After a Fort Collins woman left her station wagon running while she ducked into a convenience store, her two-year-old daughter put the car in gear, driving it through the store's front window.
...And a Free Ticket to The Accidental Tourist
After the State Armory bar in Greeley discarded a green Mylar ballon used in a St. Patrick's Day celebration, the balloon floated to Arkansas, where a fisherman found a sales receipt attached to the string and mailed it back. Bar manager Dan Hagemeister told the man he'd buy him a beer if he ever came to Greeley.
But He Really Got in Touch With Himself
A sixteen-year-old boy from Torreon, Mexico, who was in Colorado to take part in a five-week wilderness survival program was lost for five days in the backcountry. When rescuers found him, he had nothing but a whistle.
Somebody Call the American Civil Libertines Union!
After state legislators proposed a bill making it illegal for anyone under the age of 21 to work as a topless dancer, the operator of the Mile High Saloon in Glendale accused lawmakers of practicing "age discrimination."
Where the Sidewalk Ends
Shortly after the opening of Denver's new central library, patrons mysteriously began falling to the ground as they walked out of the east entrance. Officials determined that a botched construction job had caused a set of steps to blend in with the sidewalk as shadows grew longer in the afternoon.
Ken Was Taken Into Custody
A Lakewood burglary suspect told police he entered a home because he saw two naked Barbie dolls in the backyard and thought the residents might be swingers who "wanted to play."
DIA Diary, Part Three
Headline from the front page of the July 18 Denver Post: "DIA Noise Breaks Accord." The story described how jet noise at the airport was causing numerous complaints. Headline from the business section of the Post the same day: "DIA Project Breaks Ground." The story described the planned development of a residential community six miles west of the airport.
Go for the Busto
Anheuser-Busch took down a billboard in Fort Collins after residents complained that it was too suggestive. The ad featured a bosomy woman in a bathing suit, down on all fours, with a beer can placed "provocatively" beside her.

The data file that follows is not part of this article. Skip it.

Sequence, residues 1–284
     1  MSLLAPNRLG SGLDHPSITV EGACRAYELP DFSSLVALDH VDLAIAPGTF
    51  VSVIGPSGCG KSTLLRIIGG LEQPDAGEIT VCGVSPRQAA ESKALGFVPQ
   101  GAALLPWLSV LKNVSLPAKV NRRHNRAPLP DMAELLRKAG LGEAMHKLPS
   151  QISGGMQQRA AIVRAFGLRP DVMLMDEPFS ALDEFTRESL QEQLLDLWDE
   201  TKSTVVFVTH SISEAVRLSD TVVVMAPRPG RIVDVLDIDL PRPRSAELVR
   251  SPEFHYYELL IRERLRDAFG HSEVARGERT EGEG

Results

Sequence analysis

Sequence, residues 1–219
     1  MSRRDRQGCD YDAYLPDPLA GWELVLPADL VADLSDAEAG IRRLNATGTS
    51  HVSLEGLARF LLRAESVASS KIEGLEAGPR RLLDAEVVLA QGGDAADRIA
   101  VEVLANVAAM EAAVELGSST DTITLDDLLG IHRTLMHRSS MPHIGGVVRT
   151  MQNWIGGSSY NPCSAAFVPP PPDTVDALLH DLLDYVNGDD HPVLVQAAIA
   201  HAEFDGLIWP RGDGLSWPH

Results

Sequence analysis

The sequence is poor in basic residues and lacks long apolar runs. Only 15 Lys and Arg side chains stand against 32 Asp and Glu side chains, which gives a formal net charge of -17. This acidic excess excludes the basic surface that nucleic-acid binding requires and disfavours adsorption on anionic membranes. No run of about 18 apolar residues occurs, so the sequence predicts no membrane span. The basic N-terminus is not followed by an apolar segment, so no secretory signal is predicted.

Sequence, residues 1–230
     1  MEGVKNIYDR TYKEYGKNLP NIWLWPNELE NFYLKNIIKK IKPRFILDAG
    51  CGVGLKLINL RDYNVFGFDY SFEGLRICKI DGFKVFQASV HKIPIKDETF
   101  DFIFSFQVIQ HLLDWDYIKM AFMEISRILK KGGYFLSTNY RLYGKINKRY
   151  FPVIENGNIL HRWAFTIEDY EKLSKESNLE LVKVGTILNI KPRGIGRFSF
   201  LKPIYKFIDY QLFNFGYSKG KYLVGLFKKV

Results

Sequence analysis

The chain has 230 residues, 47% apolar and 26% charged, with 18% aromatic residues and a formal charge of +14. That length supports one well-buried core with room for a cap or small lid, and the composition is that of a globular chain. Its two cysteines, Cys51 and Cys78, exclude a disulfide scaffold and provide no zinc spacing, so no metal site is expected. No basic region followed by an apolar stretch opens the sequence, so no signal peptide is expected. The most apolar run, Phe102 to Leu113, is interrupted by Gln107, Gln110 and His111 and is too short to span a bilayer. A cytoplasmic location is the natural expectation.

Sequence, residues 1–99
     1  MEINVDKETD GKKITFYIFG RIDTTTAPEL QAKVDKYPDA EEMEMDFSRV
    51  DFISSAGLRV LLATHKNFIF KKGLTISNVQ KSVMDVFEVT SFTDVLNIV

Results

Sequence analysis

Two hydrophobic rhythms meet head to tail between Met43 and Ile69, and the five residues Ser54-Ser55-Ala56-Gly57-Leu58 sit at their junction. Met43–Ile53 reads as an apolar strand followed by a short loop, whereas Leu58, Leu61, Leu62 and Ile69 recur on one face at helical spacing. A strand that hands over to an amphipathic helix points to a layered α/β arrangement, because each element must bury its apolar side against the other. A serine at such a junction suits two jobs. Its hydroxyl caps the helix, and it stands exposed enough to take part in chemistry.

An Aurora man's car was stolen from the drive-up lane of a Colfax Avenue Taco Bell after he got out to urinate behind a building.
I Hate It When That Happens!
A 23-year-old El Paso County man was taken to a hospital after falling from a pine tree while naked.
A Denver man was burned after he climbed a power line to get a wallet he had thrown onto the wires.
A Littleton woman suffered minor burns after the flame from a dessert flambe shot out at her while she was standing next to a cooking display.
A tourist from California visiting Pagosa Springs suffered a large welt in his groin after a bullet fired into the air by a rancher a mile away hit the zipper on his pants while he was filling his tank at a gas station.
Put Him in Cell 36-C
Hundreds of bras were slashed--on the right cup only--by "The Playtex Vandal," who struck lingerie departments in local discount stores. Officials arrested a 63-year-old retired trash collector, who denied slashing the bras but admitted he had purchased the pair of size-ten women's underwear he was wearing when taken into custody.
The Bad-Humor Man
Douglas County sheriff's deputies investigated two alleged assaults on an ice-cream truck driver who was continually pelted by L-shaped pieces of wire as he drove his route. Authorities said a youth was seen running from the scene of the attacks, which may have been carried out with a crossbow.
DIA Diary, Part Four
The most distant point from which DIA officials received a noise complaint: Durango, 250 miles away.
Typical Mail Behavior
An Arvada woman complained to police that her mailbox had been the victim of "unprovoked beatings." Officers assured her that they would send extra patrols to protect the structure.
She Came Out Through the Bathroom Window
A real estate agent allegedly stole jewelry and a camera from a woman whose house she had been hired to sell--and then locked the homeowner in the bathroom when the client became suspicious.
He Gave 'em a Pisa His Mind
An Arvada man pulled over for drunk driving and ordered to take a roadside sobriety test told police officers he had a liver and kidney condition that caused him to lean to one side.
Down by Law
Prosecutors alleged that a woman illegally collected more than $7,000 in unemployment payments while working for the Denver District Attorney's office. She had been hired to collect and distribute victim restitution payments.
He Offered Some Smokin' Deals